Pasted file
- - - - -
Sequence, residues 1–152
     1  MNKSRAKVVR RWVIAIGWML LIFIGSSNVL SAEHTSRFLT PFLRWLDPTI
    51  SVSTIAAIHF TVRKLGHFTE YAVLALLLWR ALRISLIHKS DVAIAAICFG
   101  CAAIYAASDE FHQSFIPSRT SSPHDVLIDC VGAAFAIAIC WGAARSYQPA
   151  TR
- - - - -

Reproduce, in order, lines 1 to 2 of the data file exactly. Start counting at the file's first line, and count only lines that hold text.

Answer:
Sequence, residues 1–152
     1  MNKSRAKVVR RWVIAIGWML LIFIGSSNVL SAEHTSRFLT PFLRWLDPTI